TEMPE, Ariz. – Todd Graham’s impact on the Arizona State football program has been both sudden and expansive.
A team that once was among the yearly leaders in penalty yards is now seventh in the nation in fewest yards per game (31.33). A team that once underachieved is now playing to its talent level. A program that has struggled to attract fans has seen an uptick in interest and donations. A team that once lacked structure now sits in assigned seats at team meetings, keeps its locker room spotless and uses the phrase ‘yes, sir’ more than a military platoon.
“He’s done everything he said he was going to do,” first-year athletic director Steve Patterson said of his first-year coach. “We wanted far better relationships with our community, its donors, our supporters, the media and high school coaches. We wanted somebody that could be a leader and those are the characteristics Todd has shown.”
None of it would matter if Graham weren’t winning.
While the three other new coaches in the Pac-12 — Arizona’s Rich Rodriguez, Washington State’s Mike Leach and UCLA’s Jim Mora — all had bigger name-recognition and better résumés when they agreed to terms, Graham’s Sun Devils (5-1) had the best record when the conference schedule hit its midpoint last week.
Still, there are doubters nationally. There are doubters locally. And there is one very knowledgeable skeptic within the program: Graham.
“Let’s be realistic,” Graham said. “We beat five teams we should have beat and we lost to a team we probably should have beat. We’ve got a long ways to go.”
Which is why Sun Devil Nation has reached a fevered pitch in anticipation of Thursday night’s game against No. 2 Oregon at Sun Devil Stadium. The fan base is already on board with Graham’s high-octane style and disciplined approach, but it will surely go overboard if the Sun Devils can post such a landmark win in Graham’s first season.
“This is what you work for. This is what you play for. It’s why you’re at this level, to play in this kind of game with this kind of opportunity because of what they stand for,” Graham said of Oregon. “To be able to do it in our first year would be monumental. There’s no measuring it. That’s how big it is.”
It’s difficult to handicap the Sun Devils’ chances. Few analysts would have predicted such poor starts for Illinois, Missouri, Utah and California, but the fact remains: ASU has not played an FBS team with a winning record this season. Worse yet, that loss at Missouri looks bad now that the Tigers are 3-4 and 0-4 in the SEC, including a confidence-shattering home loss to Vanderbilt.
But there is another side to that coin. Missouri was ASU’s first road game with what was largely a new cast of characters from 2011. Quarterback Taylor Kelly is a redshirt sophomore, the Sun Devils receivers are all inexperienced, the offensive line lost three key players to graduation, the only four linebackers who saw significant snaps last year are gone and both starting safeties and two defensive line starters are gone.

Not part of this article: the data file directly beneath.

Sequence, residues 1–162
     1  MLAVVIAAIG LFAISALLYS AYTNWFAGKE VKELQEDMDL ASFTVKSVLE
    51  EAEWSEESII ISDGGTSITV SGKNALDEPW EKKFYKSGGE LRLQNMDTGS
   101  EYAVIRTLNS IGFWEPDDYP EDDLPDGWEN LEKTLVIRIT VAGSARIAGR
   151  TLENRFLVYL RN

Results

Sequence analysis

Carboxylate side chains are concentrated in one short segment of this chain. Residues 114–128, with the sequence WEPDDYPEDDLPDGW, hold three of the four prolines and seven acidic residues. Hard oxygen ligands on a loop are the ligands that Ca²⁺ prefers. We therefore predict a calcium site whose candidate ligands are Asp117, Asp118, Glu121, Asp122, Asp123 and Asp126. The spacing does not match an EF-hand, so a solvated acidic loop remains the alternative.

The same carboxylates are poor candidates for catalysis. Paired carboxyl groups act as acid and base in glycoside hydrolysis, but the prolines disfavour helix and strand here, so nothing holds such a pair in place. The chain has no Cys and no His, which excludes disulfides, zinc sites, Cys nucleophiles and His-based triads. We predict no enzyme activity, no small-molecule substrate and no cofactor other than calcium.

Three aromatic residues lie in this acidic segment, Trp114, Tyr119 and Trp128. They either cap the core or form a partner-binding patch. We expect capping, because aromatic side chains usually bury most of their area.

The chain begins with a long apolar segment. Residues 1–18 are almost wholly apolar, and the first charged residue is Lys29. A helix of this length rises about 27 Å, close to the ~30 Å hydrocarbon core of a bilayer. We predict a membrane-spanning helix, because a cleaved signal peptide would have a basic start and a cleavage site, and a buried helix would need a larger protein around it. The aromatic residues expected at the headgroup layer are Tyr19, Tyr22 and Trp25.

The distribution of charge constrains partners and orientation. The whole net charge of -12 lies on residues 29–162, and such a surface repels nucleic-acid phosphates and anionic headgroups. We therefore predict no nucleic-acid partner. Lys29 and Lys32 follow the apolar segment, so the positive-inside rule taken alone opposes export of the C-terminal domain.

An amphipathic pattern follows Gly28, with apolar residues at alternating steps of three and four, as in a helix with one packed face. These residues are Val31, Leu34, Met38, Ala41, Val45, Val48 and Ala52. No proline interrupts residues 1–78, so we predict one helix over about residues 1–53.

“I’m really proud of my teammates for the way they’ve bought in and stepped when not much was expected of us,” senior linebacker Brandon Magee said. “We know we’ve still got some proving to do, but we plan on playing Sun Devil football which is attacking them, staying disciplined and staying gap-sound. Then, after the game, let’s talk.”
It’s important that ASU remember the season does not end with a loss Thursday night. Graham has bought himself some cache with this start, and even if the Devils can play .500 ball over the second half, he will have posted eight wins and provided hope for the future.
“The guys have done everything we asked them to do,” offensive coordinator Mike Norvell said. “If we can get this game or even some of the next games, it’s like breaking that next rock and moving forward toward our ultimate quest.”
But a national audience will be watching Thursday — meaning potential implications for recruiting and prestige. A sellout crowd is projected, decked out in black like the team on the field. ASU has played just six home games in its history against No. 1 or No. 2 ranked teams. The last time they won one was when quarterback Jake Plummer led the Sun Devils to a 19-0 shutout of Nebraska in 1996, foreshadowing the team’s run to the Rose Bowl.
“The community will be hyped up, man. I honestly believe this game is bigger than when we beat USC last year,” Magee said. “Thursday night. It’s a blackout game. ESPN. Hopefully it will be sold out.